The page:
# How do I calculate the average kinetic energy using the equipartition theorem?

##### 1 Answer

**DISCLAIMER:** *Kind of long answer, but the bottom half simply reconciles the discrepancy in the answer we get in the example.*

The **equipartition theorem** (in the context of Physical Chemistry and Physics) is a way to assign degrees of freedom (DOFs) to a gas, assuming ideality, meaning that we assume each DOF *equally* contributes to the average energy.

A **degree of freedom** is simply a dimension in which the gas can move in the specified way. So...

- Since we evidently live in a 3-dimensional world, the
DOFs total*translational*#\mathbf(3)# :#x# ,#y# , and#z# . - The
DOFs total*rotational*#\mathbf(2)# for linear molecules (a third rotation axis would be the internuclear axis, which returns the same molecule back), or#\mathbf(3)# for nonlinear molecules (#x,y,z# rotational axes). - The number of
modes available are*vibrational*#\mathbf(3N - 5)# for*linear*polyatomic molecules or#\mathbf(3N - 6)# for*nonlinear*polyatomic molecules, where#N# is the number of atoms in the molecule, but#N = 1# maximum for vibrations. Note that these may include degenerate vibrations. - The
DOFs are generally considered negligible and so it's usually fine to omit them.*electronic*

Perhaps a bit confusing, but the equipartition theorem as it relates to **internal energy** is often written as:

#\mathbf(stackrel("Molar Internal Energy")overbrace(barU) = N/2RT)# ,where:

#N# is thenumber of DOFs(not the number of atoms in the molecule... bad coincidence).#R# is the universal gas constant,#"8.314472 J/mol"cdot"K"# .#T# is the temperature at which you observe the gas, in#"K"# .

**EXAMPLE (MOLAR CONSTANT-VOLUME HEAT CAPACITY)**

So, for our example, let's say we looked at **molar constant-volume heat capacity**,

According to the equipartition theorem, it has:

#3# translationalDOFs#2# rotationalDOFs#1# vibrationalDOF (corresponding to#4# vibrational modes, i.e. stretching/bending motions) is presumed to be accounted or, but two aredegenerate---same in energy.

Therefore, **DOFs**; the equipartition theorem tells us that

#\mathbf(barC_V = barC_(V,"trans") + barC_(V,"rot") + barC_(V,"vib"))#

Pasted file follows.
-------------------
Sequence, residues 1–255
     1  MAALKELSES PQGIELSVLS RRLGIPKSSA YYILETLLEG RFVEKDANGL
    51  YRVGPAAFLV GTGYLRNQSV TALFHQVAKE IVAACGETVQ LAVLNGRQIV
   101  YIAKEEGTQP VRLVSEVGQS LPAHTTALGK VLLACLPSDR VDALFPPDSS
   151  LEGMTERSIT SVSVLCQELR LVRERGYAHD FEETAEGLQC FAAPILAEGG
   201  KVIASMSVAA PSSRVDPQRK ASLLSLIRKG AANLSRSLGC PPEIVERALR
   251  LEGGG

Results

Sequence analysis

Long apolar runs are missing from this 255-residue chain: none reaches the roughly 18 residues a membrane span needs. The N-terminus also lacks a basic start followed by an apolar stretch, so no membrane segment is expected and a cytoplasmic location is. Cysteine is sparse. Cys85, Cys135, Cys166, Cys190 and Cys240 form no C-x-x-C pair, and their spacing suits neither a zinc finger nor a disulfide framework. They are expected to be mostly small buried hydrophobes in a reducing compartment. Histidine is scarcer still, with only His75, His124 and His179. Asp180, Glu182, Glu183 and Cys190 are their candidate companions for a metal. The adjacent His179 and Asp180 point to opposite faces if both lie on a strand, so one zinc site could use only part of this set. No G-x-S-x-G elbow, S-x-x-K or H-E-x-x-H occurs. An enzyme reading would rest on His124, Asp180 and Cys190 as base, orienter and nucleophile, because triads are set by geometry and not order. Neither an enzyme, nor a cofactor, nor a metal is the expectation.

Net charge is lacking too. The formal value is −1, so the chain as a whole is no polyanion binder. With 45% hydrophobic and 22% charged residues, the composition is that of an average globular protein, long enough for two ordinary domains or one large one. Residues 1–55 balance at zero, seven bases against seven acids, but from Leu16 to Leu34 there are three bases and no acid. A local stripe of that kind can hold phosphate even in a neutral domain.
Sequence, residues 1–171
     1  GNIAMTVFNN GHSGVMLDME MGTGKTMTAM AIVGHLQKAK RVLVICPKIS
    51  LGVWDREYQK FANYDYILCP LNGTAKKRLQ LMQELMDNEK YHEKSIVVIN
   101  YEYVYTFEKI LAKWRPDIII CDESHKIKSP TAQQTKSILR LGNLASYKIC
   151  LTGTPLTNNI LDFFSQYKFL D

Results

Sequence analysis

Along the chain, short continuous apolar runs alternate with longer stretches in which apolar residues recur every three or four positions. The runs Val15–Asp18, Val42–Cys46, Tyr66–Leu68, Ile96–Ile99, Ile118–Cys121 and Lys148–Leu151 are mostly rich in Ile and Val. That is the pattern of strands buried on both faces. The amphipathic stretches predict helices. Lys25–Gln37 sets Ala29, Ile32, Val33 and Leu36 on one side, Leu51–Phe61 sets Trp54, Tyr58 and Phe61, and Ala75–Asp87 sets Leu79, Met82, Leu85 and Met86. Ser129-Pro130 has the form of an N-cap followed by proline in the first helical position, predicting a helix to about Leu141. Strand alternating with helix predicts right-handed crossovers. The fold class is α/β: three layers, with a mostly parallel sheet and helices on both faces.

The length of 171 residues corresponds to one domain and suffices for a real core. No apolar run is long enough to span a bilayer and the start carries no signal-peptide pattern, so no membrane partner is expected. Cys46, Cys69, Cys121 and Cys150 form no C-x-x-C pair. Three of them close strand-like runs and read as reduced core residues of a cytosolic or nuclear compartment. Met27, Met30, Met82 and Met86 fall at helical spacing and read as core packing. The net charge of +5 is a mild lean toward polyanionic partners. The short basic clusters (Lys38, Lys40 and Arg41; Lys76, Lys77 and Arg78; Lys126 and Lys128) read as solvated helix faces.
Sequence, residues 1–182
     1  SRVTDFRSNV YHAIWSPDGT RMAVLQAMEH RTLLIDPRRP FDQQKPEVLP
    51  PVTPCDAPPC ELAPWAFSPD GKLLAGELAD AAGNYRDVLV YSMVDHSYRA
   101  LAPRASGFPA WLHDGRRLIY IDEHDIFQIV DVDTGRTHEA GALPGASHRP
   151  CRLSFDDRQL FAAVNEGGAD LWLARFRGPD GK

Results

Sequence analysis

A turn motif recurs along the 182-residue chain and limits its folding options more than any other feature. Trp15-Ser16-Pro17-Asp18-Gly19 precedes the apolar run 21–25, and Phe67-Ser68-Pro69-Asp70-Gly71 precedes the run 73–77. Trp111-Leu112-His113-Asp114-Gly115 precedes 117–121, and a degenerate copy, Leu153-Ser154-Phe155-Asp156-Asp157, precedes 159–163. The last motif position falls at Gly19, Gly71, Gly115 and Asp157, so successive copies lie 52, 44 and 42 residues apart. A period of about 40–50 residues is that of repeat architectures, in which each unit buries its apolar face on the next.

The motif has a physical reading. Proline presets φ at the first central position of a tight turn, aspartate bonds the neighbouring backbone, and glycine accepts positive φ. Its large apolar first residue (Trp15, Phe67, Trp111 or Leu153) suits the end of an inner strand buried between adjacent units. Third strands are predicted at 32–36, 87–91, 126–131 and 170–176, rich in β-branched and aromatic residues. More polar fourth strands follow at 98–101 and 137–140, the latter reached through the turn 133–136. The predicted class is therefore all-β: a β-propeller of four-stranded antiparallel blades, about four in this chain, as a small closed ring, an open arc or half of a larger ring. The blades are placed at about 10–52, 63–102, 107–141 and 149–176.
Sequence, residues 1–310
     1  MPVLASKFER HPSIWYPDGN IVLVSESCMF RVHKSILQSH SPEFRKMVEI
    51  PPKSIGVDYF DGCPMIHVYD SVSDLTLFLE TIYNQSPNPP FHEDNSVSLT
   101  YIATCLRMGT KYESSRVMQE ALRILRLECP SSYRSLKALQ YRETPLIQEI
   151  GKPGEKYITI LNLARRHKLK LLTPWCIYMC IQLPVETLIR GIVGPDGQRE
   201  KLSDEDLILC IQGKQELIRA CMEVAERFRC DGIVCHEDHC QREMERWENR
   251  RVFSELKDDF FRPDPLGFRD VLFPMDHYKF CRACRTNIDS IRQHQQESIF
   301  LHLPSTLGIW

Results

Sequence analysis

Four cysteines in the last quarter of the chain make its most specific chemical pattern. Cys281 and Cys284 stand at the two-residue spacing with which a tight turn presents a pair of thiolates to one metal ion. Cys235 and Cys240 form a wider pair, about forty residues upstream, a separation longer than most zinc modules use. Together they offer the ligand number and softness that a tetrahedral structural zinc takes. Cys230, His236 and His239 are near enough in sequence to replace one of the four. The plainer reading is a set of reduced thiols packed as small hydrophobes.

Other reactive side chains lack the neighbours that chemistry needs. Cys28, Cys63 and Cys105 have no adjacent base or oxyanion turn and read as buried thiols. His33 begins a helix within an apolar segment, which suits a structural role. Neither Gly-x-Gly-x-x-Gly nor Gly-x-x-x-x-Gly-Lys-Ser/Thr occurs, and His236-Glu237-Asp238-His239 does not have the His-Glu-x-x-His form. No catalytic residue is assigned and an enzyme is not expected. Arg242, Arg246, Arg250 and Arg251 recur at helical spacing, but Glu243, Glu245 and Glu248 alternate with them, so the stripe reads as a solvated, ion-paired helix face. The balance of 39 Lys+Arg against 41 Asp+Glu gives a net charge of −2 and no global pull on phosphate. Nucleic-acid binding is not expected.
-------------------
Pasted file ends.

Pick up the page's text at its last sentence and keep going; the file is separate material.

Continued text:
#~~ \mathbf(N/2R)# , where#R# is the universal gas constant.

#=> 3/2R + 2/2R + R = \mathbf(7/2R) ~~ color(green)("29.099 J/mol"cdot"K")# .

The actual *overestimate* of the true answer.

**CAVEAT ABOUT EQUIPARTITION THEOREM ON POLYATOMIC MOLECULAR GASES**

It's worth mentioning that the equipartition theorem is *not particularly accurate on polyatomic molecular gases* when it comes to their vibrational DOF.

It often **overestimates** on

To get **linear polyatomic molecules**, I have this equation from my lab manual:

#\mathbf(barC_(V,"vib") = Rsum_(i = 1)^(3N - 5)[g_i((theta_i)/T)^2 e^(-theta_i"/"T)/(1-e^(-theta_i"/"T))^2])# where:

#g_i# is thedegeneracyof vibrational mode#i# .#theta_i# is thecharacteristic vibrational temperatureof vibrational mode#i# in#"K"# .- Other variables have been defined previously.

For nonlinear polyatomics, just replace

#3N - 5 = 4# .- The symmetric stretch (mode
#1# ) has#g_i = 1# . - The asymmetric stretch (mode
#2# ) has#g_i = 1# . - The bends have
#g_i = 2# . #theta_1 = "1890 K"# #theta_2 = "3360 K"# #theta_(3,4) = "954 K"# (doubly-degenerate)

So at

#barC_(V,"vib") = R[stackrel("Symmetric Stretch")overbrace(((("1890 K")/("298.15 K"))^2(e^(-1890"/"298.15)/(1-e^(-1890"/"298.15))^2))) + stackrel("Asymmetric Stretch")overbrace(((("3360 K")/("298.15 K"))^2(e^(-3360"/"298.15)/(1-e^(-3360"/"298.15))^2))) + stackrel("Two Degenerate Bends")overbrace(2*((("954 K")/("298.15 K"))^2(e^(-954"/"298.15)/(1-e^(-954"/"298.15))^2)))]#

Eventually, you should get

So, the corrected value of

#color(blue)(barC_V) = 3/2R + 2/2R + 0.9822R = 3.4822R#

#= color(blue)("28.953 J/mol"cdot"K")#

And indeed, even closer! (less than